While searching for my articles of travels with the Zapatistas, I stumbled across one of my most censored articles written in December of 2001. At the time, I had shared the article with Noam Chomsky, and had since forgotten about the note he sent back. Noam Chomsky wrote, “Interesting and eloquent. Thanks for sending."
Simon Ortiz is now an Arizona State University Regents' Professor. Arlene Bowman continues as a Dine' filmmaker living in Vancouver BC. John Benally's brother Leonard Benally, Dine', and his wife, Arlene Hamilton, both instrumental in the Peabody Coal protest at Lehman Brothers in New York, have both passed to the Spirit World. The struggle continues.
Afghanistan to Big Mountain, Censored Native voices
Native Americans say it is time for America to re-examine itself
By Brenda Norrell, Independent journalist Original date: December, 2001
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TUCSON, Ariz. -- Native American poets, filmmakers and spiritual leaders say America is being deceived by the national media about the intent behind the bombing of Afghanistan.It reflects the deception and murder of the voiceless that Indigenous peoples have long known.
Simon Ortiz, Acoma Pueblo N.M. poet and professor in Canada, said images of the bombing of Afghanistan are the nightmares Indigenous peoples have always lived with.
Ortiz said it is now carried out in the conquest for oil.
"When I've seen the few photos of the destruction and killings caused by U.S. bombs in Afghanistan, I immediately think of what Acoma and the other Pueblos would look like if the same hellish madness were ever visited upon them," Ortiz said.
"People standing amidst the ruins and rubble of their adobe and stone homes. Children and old men and women stunned, weeping quietly. It is horrible to envision.
"This is victory over the enemy?
"And then I think of January 1599 when Acoma was laid to waste and hundreds of Acomas died at the hands of Spanish conquistadors under Don Juan de Onate. "That was victory over the enemy?
"No, that was an obscenity of death and conquest committed so that Native land and its resources could be gained, just like what is taking place now in Afghanistan and the Mideast -- obscenity of death and conquest committed so that control over oil resources can be gained."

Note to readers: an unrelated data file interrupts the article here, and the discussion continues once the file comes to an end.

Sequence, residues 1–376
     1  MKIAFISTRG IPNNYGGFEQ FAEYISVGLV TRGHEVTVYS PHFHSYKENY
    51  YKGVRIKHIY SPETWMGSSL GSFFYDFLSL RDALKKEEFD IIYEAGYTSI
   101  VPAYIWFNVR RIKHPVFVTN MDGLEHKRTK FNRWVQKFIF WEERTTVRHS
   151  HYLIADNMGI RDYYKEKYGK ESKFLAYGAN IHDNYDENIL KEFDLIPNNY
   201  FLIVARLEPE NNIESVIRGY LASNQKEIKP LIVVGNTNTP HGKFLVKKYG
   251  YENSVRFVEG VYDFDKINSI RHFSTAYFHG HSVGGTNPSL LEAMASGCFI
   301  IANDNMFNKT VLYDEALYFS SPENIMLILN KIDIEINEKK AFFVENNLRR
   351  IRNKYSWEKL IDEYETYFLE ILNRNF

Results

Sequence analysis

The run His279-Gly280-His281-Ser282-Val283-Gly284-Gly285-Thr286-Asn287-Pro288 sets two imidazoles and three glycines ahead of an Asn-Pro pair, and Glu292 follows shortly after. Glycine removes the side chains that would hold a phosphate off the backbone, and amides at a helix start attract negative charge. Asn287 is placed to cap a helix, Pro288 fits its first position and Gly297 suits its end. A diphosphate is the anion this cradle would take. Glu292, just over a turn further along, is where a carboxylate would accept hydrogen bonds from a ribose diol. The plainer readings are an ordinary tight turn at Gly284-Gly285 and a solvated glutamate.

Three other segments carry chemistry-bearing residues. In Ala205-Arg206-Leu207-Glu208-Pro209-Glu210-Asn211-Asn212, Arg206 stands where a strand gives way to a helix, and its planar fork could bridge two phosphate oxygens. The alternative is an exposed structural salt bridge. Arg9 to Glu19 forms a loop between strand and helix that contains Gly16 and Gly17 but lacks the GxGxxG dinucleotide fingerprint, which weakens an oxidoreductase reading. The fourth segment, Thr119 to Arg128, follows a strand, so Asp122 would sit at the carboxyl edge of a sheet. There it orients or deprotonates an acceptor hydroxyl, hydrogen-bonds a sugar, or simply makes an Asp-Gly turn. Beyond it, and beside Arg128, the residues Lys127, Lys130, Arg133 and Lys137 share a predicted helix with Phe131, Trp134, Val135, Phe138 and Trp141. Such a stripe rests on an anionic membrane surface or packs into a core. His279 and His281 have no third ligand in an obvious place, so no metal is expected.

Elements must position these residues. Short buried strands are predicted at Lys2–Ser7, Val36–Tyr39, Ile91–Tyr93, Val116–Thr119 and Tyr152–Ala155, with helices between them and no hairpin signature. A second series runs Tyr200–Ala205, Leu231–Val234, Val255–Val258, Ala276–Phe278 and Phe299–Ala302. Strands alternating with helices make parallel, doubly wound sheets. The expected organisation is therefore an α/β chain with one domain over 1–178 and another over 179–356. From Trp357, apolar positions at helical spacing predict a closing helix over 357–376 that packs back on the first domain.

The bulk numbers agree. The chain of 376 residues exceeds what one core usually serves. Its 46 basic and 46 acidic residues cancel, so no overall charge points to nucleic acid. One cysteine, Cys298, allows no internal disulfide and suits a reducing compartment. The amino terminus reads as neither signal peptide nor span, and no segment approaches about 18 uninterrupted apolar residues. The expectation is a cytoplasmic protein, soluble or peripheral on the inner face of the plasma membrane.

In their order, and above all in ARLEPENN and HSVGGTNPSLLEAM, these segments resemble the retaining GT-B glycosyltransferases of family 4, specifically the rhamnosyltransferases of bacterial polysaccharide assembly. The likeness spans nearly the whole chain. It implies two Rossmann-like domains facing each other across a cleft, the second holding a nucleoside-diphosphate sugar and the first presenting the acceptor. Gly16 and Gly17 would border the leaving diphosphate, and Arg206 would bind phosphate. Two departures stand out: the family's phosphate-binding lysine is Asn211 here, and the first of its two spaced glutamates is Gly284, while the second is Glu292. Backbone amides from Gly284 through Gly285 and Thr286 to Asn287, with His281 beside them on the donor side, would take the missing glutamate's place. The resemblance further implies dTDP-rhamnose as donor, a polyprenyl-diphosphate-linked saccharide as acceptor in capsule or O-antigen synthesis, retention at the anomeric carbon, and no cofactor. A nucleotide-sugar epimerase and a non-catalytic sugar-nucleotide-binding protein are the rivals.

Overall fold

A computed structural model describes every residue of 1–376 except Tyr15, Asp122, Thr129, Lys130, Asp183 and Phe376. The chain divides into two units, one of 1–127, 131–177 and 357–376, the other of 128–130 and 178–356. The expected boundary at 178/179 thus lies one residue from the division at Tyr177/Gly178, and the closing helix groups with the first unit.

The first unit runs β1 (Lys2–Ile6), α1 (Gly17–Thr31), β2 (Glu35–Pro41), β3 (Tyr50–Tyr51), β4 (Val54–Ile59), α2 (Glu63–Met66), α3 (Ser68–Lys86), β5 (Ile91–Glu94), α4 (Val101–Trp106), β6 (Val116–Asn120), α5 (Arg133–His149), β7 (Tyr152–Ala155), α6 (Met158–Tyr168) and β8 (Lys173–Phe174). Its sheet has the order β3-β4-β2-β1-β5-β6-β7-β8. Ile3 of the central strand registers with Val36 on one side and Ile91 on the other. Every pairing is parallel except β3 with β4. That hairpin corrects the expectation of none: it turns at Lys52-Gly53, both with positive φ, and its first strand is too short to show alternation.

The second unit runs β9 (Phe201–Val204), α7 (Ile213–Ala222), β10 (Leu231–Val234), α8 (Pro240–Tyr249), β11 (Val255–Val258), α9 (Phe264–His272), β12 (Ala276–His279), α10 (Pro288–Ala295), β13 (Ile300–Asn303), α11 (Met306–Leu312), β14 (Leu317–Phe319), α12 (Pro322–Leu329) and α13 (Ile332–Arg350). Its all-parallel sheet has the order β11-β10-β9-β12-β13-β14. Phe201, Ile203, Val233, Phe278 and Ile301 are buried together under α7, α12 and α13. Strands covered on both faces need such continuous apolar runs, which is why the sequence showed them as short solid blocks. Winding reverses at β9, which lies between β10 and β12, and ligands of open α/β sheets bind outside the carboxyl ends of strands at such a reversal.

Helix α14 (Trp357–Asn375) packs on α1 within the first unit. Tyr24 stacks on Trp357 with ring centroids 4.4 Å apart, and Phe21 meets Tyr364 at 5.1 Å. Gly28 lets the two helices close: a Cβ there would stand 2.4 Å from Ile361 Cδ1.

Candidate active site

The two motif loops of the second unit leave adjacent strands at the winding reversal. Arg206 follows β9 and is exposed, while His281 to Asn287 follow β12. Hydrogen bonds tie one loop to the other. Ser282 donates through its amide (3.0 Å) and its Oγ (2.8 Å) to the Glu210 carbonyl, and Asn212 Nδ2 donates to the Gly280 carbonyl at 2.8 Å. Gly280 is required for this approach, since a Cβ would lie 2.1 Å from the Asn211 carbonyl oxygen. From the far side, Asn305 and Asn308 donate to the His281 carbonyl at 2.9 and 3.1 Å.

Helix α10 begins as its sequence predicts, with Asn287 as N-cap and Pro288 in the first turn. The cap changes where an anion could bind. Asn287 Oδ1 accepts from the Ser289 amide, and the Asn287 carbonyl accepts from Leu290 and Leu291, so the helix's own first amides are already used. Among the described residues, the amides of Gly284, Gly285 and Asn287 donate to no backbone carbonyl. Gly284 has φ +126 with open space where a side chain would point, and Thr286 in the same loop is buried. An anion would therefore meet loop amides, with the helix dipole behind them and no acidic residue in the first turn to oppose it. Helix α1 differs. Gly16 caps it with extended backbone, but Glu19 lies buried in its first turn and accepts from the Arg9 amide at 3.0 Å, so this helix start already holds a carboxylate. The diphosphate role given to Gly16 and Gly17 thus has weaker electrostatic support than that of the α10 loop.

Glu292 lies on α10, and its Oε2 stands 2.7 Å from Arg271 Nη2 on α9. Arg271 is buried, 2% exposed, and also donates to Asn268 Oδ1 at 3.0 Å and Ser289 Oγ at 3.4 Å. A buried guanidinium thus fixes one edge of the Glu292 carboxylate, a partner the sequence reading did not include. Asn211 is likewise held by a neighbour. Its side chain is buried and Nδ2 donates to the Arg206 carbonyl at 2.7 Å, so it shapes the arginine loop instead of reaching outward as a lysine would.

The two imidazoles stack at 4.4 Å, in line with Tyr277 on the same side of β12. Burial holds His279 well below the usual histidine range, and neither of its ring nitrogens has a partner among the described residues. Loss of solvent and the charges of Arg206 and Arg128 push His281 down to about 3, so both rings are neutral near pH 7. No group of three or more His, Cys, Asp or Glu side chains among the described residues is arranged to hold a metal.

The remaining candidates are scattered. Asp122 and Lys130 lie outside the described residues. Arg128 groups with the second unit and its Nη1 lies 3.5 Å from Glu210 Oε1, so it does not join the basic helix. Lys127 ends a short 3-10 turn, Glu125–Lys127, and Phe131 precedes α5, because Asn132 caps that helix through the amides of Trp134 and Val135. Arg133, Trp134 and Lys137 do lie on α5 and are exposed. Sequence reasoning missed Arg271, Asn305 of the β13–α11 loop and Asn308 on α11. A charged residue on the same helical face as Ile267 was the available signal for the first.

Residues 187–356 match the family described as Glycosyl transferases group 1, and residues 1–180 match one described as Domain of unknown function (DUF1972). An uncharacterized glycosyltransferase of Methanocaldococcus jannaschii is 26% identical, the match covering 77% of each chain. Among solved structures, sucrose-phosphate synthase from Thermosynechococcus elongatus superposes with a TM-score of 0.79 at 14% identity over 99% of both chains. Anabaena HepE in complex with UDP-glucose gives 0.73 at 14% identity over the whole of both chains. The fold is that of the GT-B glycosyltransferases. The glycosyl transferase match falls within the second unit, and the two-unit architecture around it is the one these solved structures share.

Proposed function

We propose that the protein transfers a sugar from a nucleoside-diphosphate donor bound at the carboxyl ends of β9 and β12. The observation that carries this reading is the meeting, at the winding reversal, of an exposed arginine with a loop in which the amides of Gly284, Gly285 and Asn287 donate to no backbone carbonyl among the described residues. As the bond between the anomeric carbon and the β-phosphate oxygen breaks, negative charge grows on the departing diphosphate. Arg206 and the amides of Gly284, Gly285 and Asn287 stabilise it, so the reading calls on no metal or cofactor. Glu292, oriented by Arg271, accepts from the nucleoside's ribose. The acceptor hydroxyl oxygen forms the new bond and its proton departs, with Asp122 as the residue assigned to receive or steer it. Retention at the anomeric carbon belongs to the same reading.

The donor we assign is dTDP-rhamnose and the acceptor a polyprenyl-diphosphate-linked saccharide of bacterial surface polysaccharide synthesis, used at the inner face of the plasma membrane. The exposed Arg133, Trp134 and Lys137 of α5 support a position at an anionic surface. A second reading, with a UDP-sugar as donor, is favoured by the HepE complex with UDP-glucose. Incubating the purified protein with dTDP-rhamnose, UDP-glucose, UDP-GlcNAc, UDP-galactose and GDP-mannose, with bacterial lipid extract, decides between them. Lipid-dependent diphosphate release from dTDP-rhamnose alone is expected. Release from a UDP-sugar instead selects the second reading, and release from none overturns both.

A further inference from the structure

Ortiz, internationally-known author of "Woven Stone," and dozens of other books of poetry and essays, like Navajo filmmaker Arlene Bowman, relocated to Canada because of professional opportunities for Indigenous peoples.
Bowman, independent filmmaker living in Vancouver, British Columbia, said the war on Afghanistan is an energy war and at home, President Bush is rapidly undoing the preservation of sacred lands put in place by the Clinton administration."I observe mostly the drive by the federal government to get to the energy sources in Canada and the United States fast!"
"Bush is definitely a redneck of a president."
Bowman, producer of "Navajo Talking Picture," shown in international film festivals and "Song Journey," shown on PBS, was born in Fort Defiance and grew up in Phoenix. She is concerned for Navajos at home and elsewhere.
"Probably Bush doesn't care about Aboriginal peoples and is racist. What else is new?
"He doesn't care if the Dineh people will not get enough water on their land and if digging for uranium will affect Dineh people, leaving them with cancer and radiation.
"It's not his brain and body or children. Has anything really change for us?"
Bowman said Bush has become an opportunist by way of the tragedies of others, "ramming through" his energy policy while the mainstream media has acted with complicity in a crime against humanity.
"The opposition voice is censored out literally. The United States is becoming a 'banana republic,' a police state."
Bowman said racism towards people of color has not diminished, but major networks refuse to cover America as it is.
"Just observe the major television news networks. It's all 'Rah! Rah!' for the flag and gun-ho flag waving.
"The censorship bothers me a lot. Big Brother is watching and it's real."